Fear Not: Be an Evangelist
By The Rev. Canon Whitney Rice,
Canon for Evangelism & Discipleship Development
What word do you see inside the word “evangelism”?
Angel. Ev-angel-ism. The Greek root here is euangelion, meaning “good message” or “good tidings”—Good News! And that word “angel” in the middle of it—the angels are God’s messengers, God’s communicators of Good News.
And what are the first words of every evangelist, every angel, in the Bible?
“Do not be afraid.” “Fear not.”
So the first characteristic of all evangelistic activity is that it always should reduce fear (not increase it). What are we doing (or could we do) in our spiritual connections that reduces fear?
Well, if we’re setting out to reduce fear, let’s talk about what we’re afraid of. It’s not hard to generate a list, but if we’re talking about spiritual fears, we have to go deeper than fears of snakes, heights, or having a term paper due and not realizing it.
When we step back and think about what types of fears the Good News can address, redeem and heal, the way becomes clear. People fear community. They fear the future. They’re afraid of what will happen to them and their loved ones after they die, and they’re afraid to share the secret longings of their hearts.
There’s plenty more to fear: poverty, pain, shame, climate change, the pandemic—the list goes on. When you stop and think about it, there’s very little we don’t fear. We fear life, we fear death, we fear others, we fear God, and we fear ourselves. That’s pretty much everything!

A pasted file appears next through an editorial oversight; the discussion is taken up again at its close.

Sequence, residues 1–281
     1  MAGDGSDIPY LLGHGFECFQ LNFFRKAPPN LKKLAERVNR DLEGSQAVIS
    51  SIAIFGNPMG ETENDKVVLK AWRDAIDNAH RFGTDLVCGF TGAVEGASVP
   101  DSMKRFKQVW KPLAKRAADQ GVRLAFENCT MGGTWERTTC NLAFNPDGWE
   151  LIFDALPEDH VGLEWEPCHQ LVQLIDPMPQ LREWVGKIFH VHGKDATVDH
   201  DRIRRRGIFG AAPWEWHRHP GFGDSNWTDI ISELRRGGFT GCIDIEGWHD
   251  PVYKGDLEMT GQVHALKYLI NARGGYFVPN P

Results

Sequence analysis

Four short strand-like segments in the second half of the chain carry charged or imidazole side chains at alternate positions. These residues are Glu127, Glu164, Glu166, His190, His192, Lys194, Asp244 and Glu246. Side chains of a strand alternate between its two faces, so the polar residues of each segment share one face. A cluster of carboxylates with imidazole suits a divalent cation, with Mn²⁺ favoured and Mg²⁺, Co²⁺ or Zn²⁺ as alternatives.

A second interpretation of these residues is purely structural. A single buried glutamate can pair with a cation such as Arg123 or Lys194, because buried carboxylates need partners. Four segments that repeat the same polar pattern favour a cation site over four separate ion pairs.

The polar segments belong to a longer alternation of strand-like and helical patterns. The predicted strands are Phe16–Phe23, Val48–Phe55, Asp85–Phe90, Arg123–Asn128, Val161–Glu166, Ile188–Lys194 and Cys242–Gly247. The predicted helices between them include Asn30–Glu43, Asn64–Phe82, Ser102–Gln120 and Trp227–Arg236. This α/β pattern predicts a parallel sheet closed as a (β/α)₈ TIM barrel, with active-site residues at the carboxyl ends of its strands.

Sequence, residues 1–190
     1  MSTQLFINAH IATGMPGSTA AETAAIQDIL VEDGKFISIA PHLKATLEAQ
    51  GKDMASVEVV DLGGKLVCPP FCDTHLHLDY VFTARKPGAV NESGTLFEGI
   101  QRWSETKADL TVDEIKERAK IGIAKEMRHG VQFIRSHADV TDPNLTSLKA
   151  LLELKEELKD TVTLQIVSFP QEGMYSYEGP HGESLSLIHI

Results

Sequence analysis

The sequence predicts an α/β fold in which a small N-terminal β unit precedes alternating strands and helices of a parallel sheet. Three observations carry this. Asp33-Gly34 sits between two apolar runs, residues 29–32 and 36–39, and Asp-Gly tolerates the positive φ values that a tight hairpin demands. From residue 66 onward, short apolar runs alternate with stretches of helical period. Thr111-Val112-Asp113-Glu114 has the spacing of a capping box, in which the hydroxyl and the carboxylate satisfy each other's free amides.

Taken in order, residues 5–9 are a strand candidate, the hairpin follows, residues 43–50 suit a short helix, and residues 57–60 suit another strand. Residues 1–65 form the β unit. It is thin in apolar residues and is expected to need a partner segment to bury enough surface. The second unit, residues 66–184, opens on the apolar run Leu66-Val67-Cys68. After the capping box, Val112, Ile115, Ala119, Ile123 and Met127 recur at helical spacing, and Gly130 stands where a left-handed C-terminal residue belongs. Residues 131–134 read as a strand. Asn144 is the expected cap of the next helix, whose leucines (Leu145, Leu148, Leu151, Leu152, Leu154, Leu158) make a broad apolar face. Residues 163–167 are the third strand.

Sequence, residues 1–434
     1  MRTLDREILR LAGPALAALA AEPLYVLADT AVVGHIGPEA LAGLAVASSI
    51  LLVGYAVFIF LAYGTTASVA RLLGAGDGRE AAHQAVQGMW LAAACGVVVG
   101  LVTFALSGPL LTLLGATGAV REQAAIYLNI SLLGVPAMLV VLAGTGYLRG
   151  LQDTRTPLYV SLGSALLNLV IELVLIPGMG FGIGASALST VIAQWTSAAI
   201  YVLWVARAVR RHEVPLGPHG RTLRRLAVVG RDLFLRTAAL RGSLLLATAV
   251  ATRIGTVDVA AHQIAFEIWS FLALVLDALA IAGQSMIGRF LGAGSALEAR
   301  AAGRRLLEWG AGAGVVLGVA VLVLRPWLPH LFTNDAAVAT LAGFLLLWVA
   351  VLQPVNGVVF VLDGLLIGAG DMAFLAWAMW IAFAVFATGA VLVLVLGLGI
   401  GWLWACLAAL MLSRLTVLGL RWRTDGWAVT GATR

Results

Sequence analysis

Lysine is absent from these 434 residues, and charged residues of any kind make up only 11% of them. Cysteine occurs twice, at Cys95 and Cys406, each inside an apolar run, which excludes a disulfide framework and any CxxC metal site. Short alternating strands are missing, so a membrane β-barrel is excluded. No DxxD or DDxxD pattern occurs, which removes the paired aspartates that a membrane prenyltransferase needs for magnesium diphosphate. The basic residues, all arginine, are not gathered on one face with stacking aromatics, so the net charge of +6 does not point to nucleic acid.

So our job as evangelists is to:
#1: think about those deep fears within our own minds and souls
#2: practice sharing about our fears with others
#3: welcome others to share about their own fears
#4: work together to go ever deeper into God so that God can chip away at our fear bit by bit.
The next step of evangelism after reducing fear in ourselves and others is to start to build soul-connecting relationship — spiritual intimacy. But that prospect is dead in the water if we’re still afraid of each other. Do you see how much work there is to do long before we get to inviting someone to church? But the slow, loving work of reducing fear and building relationship creates a depth and power between people that makes an invitation, when it comes, authentic — and more likely to stick.
We have the job of reducing fear and increasing love. That’s all evangelism is. “Fear not,” is the first and primary message of all evangelists, all God’s messengers. We’re looking for ways to say and to hear, “Do not be afraid,” every day of our lives.
What might happen if your congregation took on together for the season of Advent or Lent, with great intention and energy, the spiritual practice of reducing fear? How might your church and your community be different by Christmas or Easter?
Why don’t you give it a try? What are you afraid of?